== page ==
Whether knowingly or unknowingly, we have all at some point in our lives reaped the benefit of the sacrifices made by the men and women who have served in the armed forces.
But these men and women didn’t just serve the country on the battlefield, fighting for freedom and safety. Back home, their work in science and technology changed the way we live, work, and heal. Over the years, more than three dozen military veterans also earned notoriety as scientists and innovators who have received the National Medal of Science and the National Medal of Technology and Innovation.
Take, for example, Forrest Bird, who received the National Medal of Technology and Innovation in 2008. At a young age, Bird developed a love for aviation after taking flying lessons from his father, a former combat aviator during World War I. By age 16, Bird had become a certified pilot, and went on to fly with the Army, joining just one week after the bombing at Pearl Harbor. Later in his life, he opened the Bird Aviation Museum and Invention Center, which showcases his personal collection of aircraft.
At the time, he used his experience to study problems with high-altitude respiration, in the hopes of developing a device that would allow pilots to safely fly at higher altitudes. He eventually modified breathing regulators that could boost the maximum altitude for safe flight from 28,000 feet to nearly 40,000 feet.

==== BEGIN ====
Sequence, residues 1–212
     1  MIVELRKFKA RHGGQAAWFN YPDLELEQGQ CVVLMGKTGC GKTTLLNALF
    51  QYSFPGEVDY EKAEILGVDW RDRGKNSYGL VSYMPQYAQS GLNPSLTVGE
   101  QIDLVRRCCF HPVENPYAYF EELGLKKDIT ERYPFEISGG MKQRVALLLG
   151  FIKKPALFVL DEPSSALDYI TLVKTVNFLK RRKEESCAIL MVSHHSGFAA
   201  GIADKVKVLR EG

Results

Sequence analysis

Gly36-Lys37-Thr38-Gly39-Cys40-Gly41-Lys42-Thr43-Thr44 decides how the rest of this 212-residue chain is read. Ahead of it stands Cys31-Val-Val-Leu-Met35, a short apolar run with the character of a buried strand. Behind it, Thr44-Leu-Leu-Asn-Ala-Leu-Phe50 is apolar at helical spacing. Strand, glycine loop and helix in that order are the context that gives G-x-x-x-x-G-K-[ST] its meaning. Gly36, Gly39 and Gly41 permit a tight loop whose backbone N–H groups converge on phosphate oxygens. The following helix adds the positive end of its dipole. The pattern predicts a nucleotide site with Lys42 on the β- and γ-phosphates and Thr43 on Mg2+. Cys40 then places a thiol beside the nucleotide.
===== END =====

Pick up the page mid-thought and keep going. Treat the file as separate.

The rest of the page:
That experience proved invaluable when Bird returned home and continued his work to develop the first low-cost, mass-produced ventilator. He went on to create several variations of “the Bird,” including the “Babybird,” a smaller respirator that could be used on infants, and reduced infant mortality due to respiratory problems from 70 percent to less than ten percent, his wife Pamela wrote in his obituary.
Frank Salvatore, president of the American Association for Respiratory Care, called Bird a “pioneer” in pulmonary medicine, upon learning of his death in 2015.
“The respiratory therapy care community has been privileged to have known him as a fellow member and colleague,” Salvatore said.
Rini Paiva, vice president of selection and recognition of the National Inventors Hall of Fame, which inducted Bird in 1995, says his inventions “had a huge impact on the medical field and sustaining people and in saving lives.
“He is someone who really never stopped innovating himself, even after he came up with his original medical respirator, he kept improving upon it,” Paiva says. “As the years went by … he was always looking to kind of create a new version that would combat a new or different problem. Clearly, that’s something most innovators will do – always look to see how they can advance innovation further and further.”
And Bird is one of about two dozen military veteran National Inventors Hall of Fame inductees who have also received the National Medal of Science or the National Medal of Technology and Innovation.